Ancient Coins: Byzantine Coin Portraits

Posted on 12/11/2018

Learn about the evolution of imperial portraits on Byzantine coins.

Imperial portraits were a defining feature of coins issued in the Roman Empire (27 B.C. to A.D. 476/80). After Italy fell to German soldiers late in the 5th Century, Roman civilization was to survive another thousand years in the East, securely within the walls of Constantinople. Today we know that successor empire as the Byzantine Empire, even though its inhabitants only knew themselves as Romans.

Not surprisingly, Byzantine coins retained the primary features of Roman coinage, including the imperial portrait. In this column we’ll take a visual survey of how the portrait on Byzantine coins evolved over nearly a thousand years, from A.D. 491 to 1453.

Gold solidus of Anastasius I.

The gold coins of the first Byzantine emperor, Anastasius I (419-518), looked almost exactly like those of his Roman predecessors. Above is one example, a gold solidus, with its typically imprecise, military portrait.

Copper follis of Anastasius I.

On Anastasius’ bronzes, the portraits are even more crudely engraved, taking on an almost comical appearance. Their crudeness is quite appealing, and Byzantine coin collectors revel in the simplicity of these images.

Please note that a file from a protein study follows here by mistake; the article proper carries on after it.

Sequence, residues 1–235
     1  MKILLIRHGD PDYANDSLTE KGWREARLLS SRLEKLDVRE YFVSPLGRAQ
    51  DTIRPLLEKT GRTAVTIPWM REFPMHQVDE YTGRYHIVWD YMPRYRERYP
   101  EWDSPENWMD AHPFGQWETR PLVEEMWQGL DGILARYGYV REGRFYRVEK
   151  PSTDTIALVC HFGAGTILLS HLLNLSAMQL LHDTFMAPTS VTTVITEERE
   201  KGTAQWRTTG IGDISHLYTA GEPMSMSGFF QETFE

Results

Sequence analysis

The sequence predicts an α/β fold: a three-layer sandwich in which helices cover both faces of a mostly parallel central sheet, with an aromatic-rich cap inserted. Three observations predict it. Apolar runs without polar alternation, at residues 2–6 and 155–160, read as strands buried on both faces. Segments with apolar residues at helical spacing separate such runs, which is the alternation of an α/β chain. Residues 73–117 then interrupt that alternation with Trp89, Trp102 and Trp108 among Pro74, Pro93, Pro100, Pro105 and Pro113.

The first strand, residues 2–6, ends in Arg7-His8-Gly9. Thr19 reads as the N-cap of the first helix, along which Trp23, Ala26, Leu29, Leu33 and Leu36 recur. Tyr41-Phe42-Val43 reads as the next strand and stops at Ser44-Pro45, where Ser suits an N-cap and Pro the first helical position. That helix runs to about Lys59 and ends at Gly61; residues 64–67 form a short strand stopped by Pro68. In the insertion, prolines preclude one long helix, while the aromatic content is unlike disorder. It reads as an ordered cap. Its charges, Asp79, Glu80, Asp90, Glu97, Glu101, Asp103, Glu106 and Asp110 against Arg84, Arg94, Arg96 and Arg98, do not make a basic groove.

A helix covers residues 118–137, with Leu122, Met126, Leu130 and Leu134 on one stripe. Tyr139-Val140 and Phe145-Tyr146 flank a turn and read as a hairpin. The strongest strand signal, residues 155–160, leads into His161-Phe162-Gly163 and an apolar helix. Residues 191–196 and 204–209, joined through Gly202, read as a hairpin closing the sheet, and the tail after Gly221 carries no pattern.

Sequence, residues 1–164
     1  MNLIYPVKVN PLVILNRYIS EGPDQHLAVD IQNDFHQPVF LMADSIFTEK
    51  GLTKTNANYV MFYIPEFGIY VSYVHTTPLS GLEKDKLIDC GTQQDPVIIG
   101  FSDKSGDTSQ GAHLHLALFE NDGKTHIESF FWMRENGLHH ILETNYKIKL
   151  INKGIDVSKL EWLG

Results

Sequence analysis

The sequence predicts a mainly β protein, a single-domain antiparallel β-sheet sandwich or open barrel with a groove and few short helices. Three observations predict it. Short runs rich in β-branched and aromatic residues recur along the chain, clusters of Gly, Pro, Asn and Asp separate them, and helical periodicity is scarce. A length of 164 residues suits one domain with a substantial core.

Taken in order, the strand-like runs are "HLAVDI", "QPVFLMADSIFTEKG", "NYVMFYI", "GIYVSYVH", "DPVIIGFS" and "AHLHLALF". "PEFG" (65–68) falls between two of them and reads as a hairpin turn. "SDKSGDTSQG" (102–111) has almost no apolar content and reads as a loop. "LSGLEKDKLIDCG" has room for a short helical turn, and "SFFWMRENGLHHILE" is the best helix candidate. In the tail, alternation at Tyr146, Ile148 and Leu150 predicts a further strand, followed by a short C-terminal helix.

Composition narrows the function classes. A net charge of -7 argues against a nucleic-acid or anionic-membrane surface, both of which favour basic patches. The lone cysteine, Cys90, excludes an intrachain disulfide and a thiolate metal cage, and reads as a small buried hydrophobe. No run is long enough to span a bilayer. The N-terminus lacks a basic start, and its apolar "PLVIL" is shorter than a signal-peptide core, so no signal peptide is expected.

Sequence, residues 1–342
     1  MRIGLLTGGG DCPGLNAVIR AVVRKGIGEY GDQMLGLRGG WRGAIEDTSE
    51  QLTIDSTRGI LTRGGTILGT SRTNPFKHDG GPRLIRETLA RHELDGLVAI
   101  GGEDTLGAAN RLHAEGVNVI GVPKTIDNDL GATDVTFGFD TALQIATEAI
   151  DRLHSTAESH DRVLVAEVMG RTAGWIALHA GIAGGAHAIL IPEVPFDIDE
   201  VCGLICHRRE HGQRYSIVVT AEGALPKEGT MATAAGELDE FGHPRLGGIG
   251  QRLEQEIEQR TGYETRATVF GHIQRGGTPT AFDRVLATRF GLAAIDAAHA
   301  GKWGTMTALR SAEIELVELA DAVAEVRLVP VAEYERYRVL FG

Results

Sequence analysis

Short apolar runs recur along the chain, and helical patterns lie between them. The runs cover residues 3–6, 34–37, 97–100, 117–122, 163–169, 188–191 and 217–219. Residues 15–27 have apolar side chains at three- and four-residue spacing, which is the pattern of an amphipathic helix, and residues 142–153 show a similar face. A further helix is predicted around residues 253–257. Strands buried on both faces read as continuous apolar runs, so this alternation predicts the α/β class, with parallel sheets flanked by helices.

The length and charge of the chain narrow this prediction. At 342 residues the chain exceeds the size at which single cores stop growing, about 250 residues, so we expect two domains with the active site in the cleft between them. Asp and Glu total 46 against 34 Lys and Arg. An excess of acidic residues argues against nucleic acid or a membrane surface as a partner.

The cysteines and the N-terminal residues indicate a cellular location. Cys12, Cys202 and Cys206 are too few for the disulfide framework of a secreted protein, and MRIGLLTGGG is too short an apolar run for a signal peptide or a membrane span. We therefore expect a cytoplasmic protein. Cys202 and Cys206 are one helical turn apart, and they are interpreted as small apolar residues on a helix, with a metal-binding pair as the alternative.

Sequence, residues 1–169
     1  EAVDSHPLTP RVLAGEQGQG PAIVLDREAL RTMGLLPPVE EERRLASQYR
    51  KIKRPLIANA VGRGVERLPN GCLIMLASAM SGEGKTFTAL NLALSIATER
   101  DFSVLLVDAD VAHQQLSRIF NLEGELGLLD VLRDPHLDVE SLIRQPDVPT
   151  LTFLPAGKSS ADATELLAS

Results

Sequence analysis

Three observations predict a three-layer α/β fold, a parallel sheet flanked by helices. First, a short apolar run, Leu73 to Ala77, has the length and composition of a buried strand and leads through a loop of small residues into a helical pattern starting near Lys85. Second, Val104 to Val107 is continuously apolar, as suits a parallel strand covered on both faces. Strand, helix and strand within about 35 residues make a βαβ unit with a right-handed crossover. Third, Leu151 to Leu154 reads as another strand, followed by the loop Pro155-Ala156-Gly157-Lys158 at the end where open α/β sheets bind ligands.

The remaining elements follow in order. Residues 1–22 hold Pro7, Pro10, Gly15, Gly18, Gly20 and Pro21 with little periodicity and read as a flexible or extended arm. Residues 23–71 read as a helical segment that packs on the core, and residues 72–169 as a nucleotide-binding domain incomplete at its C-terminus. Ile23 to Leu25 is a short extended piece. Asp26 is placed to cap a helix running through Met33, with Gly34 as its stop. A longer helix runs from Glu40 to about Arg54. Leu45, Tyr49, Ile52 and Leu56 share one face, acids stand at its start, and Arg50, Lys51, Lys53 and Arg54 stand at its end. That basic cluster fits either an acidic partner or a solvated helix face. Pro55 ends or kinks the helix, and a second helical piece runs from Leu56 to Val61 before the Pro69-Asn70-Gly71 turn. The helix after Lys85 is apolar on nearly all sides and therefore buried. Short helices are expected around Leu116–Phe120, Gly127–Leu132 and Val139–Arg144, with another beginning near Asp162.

Copper follis of Justinian I.

Copper half-follis of Justinian I.

Under Justinian I (527-565) a full-facing portrait was introduced on bronzes. Shown above are two examples from the Constantinople mint: first is a follis struck in 538/9, and beneath that a half-follis struck in 542/3. The follis has a reasonably well-executed portrait, whereas the portrait on the half-follis is almost comical.

Gold solidus of Tiberius II Constantine

The emperor Tiberius II Constantine (578-582) issued gold solidi with some interesting portraits, including the piece above, which shows the emperor from mid-waist. This bust type is known as a ‘consular bust’ because the emperor wears the garments and holds the objects associated with a consul, the highest office-holder in the senate.

Gold solidus of Phocas

Starting with Phocas (602-610) it became fashionable for emperors to portray themselves with beards. On this solidus, above, Phocas has offers a stern image.

Gold solidus of Constans II

The beard fashion continued, with some emperors choosing to display extremely long beards. A perfect example is the gold solidus above, depicting the emperor Constans II (641-668).

Gold solidus of Justinian II

A slightly more refined style emerges during the first reign of Justinian II (685-695). The engraving is a bit more sculptural, even if the portrait itself remains a generic representation of the emperor. Above is an example – a solidus bearing Justinian II’s facing portrait.

Gold solidus of Leontius

The improved engraving style continued under other emperors, including Leontius, who revolted against Justinian II and ruled briefly from 695 to 698. Above is a gold solidus of this emperor, who came into power by rebellion and who was relieved of his authority in the same manner.